Cartellieri: Here the Molecular Biology Centre (ZMBH) springs to mind, or the Centre of Interdisciplinary Scientific Computing. And of course the physics institutes.

RNZ: Should the University be more universal in future or should it enhance its profile by introducing new courses?

Cartellieri: Ideally, it should do the one without neglecting the other. It should, indeed must, enhance its profile as best it can, but certainly not at the expense of its universal scope. The more universal it can be, the better.

RNZ: Where does Heidelberg University stand in comparison with other German universities?

Cartellieri: Roughly speaking, its strengths are certainly on the research side, its weaknesses more in the teaching sector. This is a problem for many universities with a very large body of students. In Heidelberg the Neuenheimer Feld is of course something very special, a close-knit campus of very high quality.

RNZ: At present there is much talk of taking American universities as a model. Where does Heidelberg University stand internationally?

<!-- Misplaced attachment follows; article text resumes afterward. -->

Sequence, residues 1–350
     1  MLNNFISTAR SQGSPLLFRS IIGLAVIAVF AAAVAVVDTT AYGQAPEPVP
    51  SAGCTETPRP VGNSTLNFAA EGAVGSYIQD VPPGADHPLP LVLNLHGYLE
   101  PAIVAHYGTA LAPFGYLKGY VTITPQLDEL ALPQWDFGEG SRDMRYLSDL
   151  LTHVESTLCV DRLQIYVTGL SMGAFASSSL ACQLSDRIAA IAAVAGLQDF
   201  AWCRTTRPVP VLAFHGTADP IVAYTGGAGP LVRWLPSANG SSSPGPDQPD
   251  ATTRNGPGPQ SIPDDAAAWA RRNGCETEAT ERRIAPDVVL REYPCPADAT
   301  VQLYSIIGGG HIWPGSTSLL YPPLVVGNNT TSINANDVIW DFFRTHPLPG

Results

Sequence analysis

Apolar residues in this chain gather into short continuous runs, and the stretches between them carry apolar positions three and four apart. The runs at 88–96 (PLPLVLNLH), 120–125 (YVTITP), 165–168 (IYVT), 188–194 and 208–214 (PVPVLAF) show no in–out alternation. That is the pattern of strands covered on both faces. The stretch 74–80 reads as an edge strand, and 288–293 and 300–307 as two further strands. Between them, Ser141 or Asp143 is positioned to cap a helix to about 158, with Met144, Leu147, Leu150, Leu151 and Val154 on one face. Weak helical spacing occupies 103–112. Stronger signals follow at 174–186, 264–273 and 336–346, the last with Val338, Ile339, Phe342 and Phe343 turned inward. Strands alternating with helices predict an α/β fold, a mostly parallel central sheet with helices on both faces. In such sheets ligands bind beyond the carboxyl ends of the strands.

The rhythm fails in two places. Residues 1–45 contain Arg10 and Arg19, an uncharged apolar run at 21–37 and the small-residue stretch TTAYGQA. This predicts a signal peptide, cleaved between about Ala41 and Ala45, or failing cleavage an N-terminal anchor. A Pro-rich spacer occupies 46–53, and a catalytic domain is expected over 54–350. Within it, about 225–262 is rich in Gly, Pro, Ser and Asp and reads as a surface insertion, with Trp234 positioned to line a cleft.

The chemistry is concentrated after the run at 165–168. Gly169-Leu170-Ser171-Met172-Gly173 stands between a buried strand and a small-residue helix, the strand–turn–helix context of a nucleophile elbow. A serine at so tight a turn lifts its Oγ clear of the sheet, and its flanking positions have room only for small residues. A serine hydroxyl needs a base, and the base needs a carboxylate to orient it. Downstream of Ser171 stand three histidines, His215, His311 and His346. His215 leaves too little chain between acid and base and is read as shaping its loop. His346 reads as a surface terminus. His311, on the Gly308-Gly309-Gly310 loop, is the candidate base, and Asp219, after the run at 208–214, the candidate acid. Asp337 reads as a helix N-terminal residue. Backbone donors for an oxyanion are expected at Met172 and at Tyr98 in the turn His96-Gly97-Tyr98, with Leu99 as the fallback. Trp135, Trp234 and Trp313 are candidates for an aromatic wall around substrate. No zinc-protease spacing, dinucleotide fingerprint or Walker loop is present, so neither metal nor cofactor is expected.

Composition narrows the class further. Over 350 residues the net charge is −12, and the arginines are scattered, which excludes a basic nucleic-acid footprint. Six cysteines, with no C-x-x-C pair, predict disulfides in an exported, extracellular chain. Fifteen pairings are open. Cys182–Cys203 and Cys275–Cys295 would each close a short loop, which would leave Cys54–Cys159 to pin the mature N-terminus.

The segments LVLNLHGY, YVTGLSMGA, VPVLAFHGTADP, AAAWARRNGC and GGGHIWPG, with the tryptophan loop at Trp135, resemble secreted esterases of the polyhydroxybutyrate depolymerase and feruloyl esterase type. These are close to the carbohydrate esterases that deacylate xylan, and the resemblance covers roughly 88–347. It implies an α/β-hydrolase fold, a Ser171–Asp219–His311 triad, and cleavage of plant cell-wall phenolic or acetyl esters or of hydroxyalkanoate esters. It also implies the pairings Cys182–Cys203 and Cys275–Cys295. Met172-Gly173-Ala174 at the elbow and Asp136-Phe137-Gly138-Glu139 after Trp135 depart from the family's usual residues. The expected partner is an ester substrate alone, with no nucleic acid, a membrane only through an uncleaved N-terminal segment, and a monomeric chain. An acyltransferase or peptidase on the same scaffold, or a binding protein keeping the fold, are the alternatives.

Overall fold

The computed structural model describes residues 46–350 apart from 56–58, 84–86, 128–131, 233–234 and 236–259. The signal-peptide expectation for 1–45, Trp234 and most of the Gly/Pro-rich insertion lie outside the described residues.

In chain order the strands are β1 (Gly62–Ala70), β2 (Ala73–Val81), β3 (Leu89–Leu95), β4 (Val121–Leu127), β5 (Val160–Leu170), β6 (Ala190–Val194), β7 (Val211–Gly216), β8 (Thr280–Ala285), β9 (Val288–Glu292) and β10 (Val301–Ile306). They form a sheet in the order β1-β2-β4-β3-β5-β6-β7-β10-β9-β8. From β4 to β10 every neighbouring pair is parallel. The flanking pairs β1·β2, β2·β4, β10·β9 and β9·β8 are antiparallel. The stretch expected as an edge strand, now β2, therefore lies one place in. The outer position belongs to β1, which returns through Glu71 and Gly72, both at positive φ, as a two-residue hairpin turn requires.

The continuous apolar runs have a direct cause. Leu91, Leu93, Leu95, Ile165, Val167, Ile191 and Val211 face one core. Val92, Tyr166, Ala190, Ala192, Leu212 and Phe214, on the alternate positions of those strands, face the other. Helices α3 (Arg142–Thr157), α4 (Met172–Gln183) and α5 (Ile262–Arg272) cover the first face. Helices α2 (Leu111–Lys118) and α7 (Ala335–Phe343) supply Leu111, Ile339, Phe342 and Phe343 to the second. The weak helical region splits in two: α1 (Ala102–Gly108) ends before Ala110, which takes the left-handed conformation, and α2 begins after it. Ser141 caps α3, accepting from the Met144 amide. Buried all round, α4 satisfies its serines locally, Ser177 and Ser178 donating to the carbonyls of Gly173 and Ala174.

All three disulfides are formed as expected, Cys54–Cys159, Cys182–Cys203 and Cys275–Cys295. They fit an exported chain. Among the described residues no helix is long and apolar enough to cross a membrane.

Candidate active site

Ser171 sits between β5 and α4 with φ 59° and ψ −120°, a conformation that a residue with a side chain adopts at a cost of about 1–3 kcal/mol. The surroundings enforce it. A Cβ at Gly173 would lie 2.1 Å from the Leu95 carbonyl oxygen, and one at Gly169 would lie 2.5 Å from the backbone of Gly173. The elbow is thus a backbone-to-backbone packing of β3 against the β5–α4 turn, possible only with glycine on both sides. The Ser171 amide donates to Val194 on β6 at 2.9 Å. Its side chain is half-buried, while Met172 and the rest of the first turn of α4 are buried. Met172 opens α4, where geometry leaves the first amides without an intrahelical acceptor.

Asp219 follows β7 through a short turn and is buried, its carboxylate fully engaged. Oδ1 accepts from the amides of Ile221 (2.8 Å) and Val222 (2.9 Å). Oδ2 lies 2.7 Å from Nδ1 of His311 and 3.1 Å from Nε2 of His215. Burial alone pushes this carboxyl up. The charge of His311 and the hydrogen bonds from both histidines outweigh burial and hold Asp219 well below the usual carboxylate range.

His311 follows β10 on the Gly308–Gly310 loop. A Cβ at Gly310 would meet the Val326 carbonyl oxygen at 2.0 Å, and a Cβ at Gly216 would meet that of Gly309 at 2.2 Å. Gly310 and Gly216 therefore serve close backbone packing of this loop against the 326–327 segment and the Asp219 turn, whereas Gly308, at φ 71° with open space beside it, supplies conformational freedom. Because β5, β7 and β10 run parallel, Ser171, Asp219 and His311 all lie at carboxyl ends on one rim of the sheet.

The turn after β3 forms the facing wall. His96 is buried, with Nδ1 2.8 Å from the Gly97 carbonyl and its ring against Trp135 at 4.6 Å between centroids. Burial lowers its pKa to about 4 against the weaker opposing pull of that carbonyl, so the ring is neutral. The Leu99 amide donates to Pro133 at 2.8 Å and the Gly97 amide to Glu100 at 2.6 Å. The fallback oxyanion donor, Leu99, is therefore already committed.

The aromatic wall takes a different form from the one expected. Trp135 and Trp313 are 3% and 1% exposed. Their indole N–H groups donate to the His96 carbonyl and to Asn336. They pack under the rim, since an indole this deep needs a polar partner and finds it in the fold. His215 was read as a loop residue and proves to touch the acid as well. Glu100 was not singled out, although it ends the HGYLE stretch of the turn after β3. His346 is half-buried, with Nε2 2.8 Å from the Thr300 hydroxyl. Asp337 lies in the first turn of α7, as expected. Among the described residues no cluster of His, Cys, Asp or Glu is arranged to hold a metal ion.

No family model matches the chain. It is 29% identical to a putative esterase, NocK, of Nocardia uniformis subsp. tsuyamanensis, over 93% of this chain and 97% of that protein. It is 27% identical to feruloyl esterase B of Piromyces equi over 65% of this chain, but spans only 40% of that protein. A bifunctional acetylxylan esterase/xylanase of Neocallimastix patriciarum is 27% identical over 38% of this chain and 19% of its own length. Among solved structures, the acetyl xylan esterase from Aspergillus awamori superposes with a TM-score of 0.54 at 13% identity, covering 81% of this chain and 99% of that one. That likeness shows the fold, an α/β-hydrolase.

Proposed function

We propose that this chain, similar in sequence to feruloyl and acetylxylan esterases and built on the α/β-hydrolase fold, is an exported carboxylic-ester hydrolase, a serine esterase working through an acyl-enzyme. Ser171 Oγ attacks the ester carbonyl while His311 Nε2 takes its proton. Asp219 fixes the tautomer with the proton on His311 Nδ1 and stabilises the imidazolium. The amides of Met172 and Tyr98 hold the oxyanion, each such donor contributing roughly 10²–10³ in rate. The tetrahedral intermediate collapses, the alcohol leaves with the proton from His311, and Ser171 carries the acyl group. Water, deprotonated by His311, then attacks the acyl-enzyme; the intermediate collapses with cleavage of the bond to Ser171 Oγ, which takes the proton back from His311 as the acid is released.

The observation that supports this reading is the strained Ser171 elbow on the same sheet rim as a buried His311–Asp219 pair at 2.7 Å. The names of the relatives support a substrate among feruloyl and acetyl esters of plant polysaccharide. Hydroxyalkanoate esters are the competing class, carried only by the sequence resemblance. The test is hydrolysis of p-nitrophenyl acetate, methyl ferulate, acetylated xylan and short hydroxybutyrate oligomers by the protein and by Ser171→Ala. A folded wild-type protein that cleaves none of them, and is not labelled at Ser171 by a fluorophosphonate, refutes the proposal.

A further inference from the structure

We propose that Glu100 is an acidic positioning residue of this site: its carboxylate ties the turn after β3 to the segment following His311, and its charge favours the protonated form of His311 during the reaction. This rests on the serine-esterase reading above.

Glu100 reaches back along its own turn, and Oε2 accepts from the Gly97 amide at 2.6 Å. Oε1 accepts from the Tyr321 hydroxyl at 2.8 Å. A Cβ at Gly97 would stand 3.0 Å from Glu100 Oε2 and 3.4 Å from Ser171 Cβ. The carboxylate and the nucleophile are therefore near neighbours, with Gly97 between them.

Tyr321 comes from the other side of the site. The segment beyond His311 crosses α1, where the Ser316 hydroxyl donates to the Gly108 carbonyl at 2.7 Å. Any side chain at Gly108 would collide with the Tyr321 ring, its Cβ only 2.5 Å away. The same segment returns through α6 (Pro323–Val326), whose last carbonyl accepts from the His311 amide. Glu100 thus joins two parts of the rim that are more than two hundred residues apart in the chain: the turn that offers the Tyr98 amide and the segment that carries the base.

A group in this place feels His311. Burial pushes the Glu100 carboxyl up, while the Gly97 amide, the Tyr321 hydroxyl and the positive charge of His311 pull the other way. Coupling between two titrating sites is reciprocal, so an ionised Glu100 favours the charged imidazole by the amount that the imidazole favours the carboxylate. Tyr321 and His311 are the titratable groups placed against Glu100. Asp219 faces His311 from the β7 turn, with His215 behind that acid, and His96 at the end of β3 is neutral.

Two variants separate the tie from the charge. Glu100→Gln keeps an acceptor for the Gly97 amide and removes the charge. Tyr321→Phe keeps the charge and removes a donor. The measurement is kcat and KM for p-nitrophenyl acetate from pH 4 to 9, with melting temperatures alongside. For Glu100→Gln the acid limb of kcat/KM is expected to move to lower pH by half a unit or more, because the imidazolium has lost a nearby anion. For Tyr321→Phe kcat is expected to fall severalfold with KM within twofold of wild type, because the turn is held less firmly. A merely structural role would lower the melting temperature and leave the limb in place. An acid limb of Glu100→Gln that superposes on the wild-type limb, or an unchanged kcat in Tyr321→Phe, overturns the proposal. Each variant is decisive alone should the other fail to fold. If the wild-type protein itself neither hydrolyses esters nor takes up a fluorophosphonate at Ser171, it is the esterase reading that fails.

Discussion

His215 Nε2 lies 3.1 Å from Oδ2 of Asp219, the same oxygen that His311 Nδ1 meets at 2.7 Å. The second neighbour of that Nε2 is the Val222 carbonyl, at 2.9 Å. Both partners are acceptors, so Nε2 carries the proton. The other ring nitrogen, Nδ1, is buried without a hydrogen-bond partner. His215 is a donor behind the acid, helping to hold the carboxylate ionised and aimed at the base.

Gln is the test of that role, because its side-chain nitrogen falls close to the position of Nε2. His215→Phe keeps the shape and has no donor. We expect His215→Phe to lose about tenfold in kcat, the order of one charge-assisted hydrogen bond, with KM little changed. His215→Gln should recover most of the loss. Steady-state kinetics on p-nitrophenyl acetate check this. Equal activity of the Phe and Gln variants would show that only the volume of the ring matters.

Cartellieri: Heidelberg has an especially good reputation in the eyes of leading scientists and scholars elsewhere. It also has an above-average number of foreign students. Here, however, we need to ask where these students come from and what their qualifications look like. According to the figures at my disposal Heidelberg has some catching up to do in attracting students from English-speaking countries.

RNZ: The well-known education expert Peter Glotz is fond of underlining the similarities between a university and a corporate enterprise. Will universities have to be run like businesses in future, and if so, where does that leave the humanistic tradition à la Humboldt?